Thomas Rhett, Kane Brown + More Country Stars Explain How Music Education Shaped Them: ‘I Was That Kid’
Even amidst the excitement of CMA Fest 2019, the festival's stars never lost sight of the event's important mission: to benefit music education programs across the country through the CMA Foundation. Many of the artists now performing on CMA Fest's biggest stage would never have gotten their start without the kind of high-quality programs the foundation now seeks to provide for a new generation of budding musicians.
"Dance teachers and music teachers and art teachers, to me, they were invaluable in my tiny town," explains Kassi Ashton. "[There are] 4,000 people in [California, Mo.]. It's not a lot of exposure. But they were there, saying, 'Kassi, it's not possible here, but it is possible, and you're gonna do it.'"
The "Pretty Shiny Things" singer says her childhood music education teachers went above and beyond to help her hone her craft in its nascency. "They would help me through everything: Let me stay after school and sing in the choir room when I wanted to, or have this weird idea for a solo -- like, 'Can I take that Madonna song and make it slower? I know I'm only in sixth grade, but it's okay if I sing "Papa Don't Preach," right?'" Ashton adds, laughing. "They were just amazing. I thank them every day."
Singer-actress Hayley Orrantia, Lindsay Ell, Kelsea Ballerini and Nashville star Chris Carmack all remember their music educators' names, proving the lasting power of a great teacher. Whether they were specialists at a private institution or simply high school band leaders, they provided invaluable support for the artists at a young age.
"I think the most influential teacher I've ever had was Linda Septien, who's in Dallas," Orrantia says. "She has this school called Septien Entertainment Group that a lot of incredible singers have come out of. I started there when I was, like, 10, and I think she just knows how to shape -- especially at that age -- artists into what the music industry really is ... so I got to get a feel for what the industry looked like thanks to her."
"I started taking saxophone lessons when I was in the fourth grade, I guess, and it was offered as part of the public school program," Carmack adds, recounting a completely different way in which music education can benefit kids. "That's where I developed my love of music and continued with it through jazz band in high school ... My high school teacher, Mr. Eisenhower, when I played a gig recently back in Washington, DC, I was very happy to see him in the audience as a surprise!"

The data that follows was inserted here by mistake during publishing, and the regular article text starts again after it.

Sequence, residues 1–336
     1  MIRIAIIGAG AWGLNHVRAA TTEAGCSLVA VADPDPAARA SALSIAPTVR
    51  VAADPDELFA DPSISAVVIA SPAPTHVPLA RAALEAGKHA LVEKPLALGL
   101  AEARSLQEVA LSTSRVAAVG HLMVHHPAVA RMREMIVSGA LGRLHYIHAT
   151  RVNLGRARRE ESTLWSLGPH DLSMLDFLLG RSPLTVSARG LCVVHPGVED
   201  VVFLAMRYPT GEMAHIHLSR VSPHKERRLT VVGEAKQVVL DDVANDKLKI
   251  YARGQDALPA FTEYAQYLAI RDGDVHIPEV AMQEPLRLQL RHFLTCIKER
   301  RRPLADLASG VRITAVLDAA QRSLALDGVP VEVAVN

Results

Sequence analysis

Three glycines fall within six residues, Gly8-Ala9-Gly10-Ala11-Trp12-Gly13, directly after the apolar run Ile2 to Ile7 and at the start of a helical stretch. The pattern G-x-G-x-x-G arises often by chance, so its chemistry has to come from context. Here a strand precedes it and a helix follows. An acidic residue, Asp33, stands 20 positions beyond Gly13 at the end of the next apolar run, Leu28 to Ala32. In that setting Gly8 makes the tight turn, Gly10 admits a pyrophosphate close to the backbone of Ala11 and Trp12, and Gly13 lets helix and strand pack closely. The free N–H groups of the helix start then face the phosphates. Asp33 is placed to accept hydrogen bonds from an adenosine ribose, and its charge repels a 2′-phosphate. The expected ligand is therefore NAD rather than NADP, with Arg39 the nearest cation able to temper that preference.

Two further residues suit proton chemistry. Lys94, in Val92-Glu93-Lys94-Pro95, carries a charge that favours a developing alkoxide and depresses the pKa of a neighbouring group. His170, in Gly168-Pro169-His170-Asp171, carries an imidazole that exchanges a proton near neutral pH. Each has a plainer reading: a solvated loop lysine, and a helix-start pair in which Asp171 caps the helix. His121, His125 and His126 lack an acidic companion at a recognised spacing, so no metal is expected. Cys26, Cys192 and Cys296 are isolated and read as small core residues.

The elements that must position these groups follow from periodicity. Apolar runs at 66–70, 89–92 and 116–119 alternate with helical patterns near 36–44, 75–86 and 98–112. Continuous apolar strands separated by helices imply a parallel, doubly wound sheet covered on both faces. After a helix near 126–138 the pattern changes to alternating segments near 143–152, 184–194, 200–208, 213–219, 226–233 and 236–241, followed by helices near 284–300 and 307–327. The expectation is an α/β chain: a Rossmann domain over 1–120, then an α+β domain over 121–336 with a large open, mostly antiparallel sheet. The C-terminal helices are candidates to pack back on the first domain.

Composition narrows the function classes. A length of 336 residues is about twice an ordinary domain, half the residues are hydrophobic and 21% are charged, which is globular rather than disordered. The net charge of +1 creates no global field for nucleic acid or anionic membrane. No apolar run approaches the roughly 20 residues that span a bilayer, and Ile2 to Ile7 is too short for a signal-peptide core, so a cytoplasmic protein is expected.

Ell says admits that while music was always in her blood, it took the support of a great teacher to gain the confidence to follow her instincts: "I think that if music education at the schools wasn't as good, I don't know if I would be here in Nashville," she says. "I mean, my grade 3 music teacher, Mrs. Patterson, was so inspiring to me. She made me feel like I could do anything."
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For Ballerini, having a music education teacher meant having someone rooting for her to perform -- by any means necessary. "I had a music teacher -- her name's Becky Thomas; she's retired now -- but she was the first person that encouraged me to be onstage," the star says. "I was actually in the musical theater band as the ostrich. I'm 98 percent sure she wrote that part in for me, because I had no talking lines or singing lines; in fact, I just walked across the stage!"
Thomas encouraged Ballerini to pursue her musical dreams, too, not just her avian ones: "She really encouraged me to write songs. The first time I ever played a song that I'd written onstage, it was because of her," the singer continues.
"So that's really the heart of what this is all about. To be able to be a part of that, and knowing that there are kids in a classroom right now that are having those teachers, that are able to have the funds and resources to give these kids these opportunities -- that matters to me," Ballerini adds. "I was that kid."
She isn't the only one. Kane Brown says that music education made a huge difference in both his life and his brother's. "For my little brother ... he bought a guitar, and he loved drums. Music education honestly kept him out of a lot of [trouble]," the singer shares. "That would just take his mind away, playing instruments, learning. Honestly, I feel like music education will take kids even further than they think they can go."
Self-expression is a worthy goal, even if some kids' first tries at bands (and band names) aren't exactly Grammy Award-winning material. Thomas Rhett is living proof.
"I think I did one football game as a pit band drummer, and that encouraged me to start this terrible band called the High Heeled Flip Flops," Rhett remembers. "That really sparked my fire for being in front of people and writing songs, so I think that music education is one of the most important things in the world. For a kid to be able to express themselves, whether it's songwriting or playing saxophone or playing guitar, that's why I think [CMA Fest] is super important, and it's amazing that we can give back to that."
CMA Fest 2019 took place in June. CMA Fest: The Music Event of Summer, a three-hour televised special featuring a selection of highlights from the event, including performances from Ballerini, Rhett, Ell, Brown and many more, will air on Aug. 4 at 8PM ET on ABC.
LOOK: See the Fun at CMA Fest 2019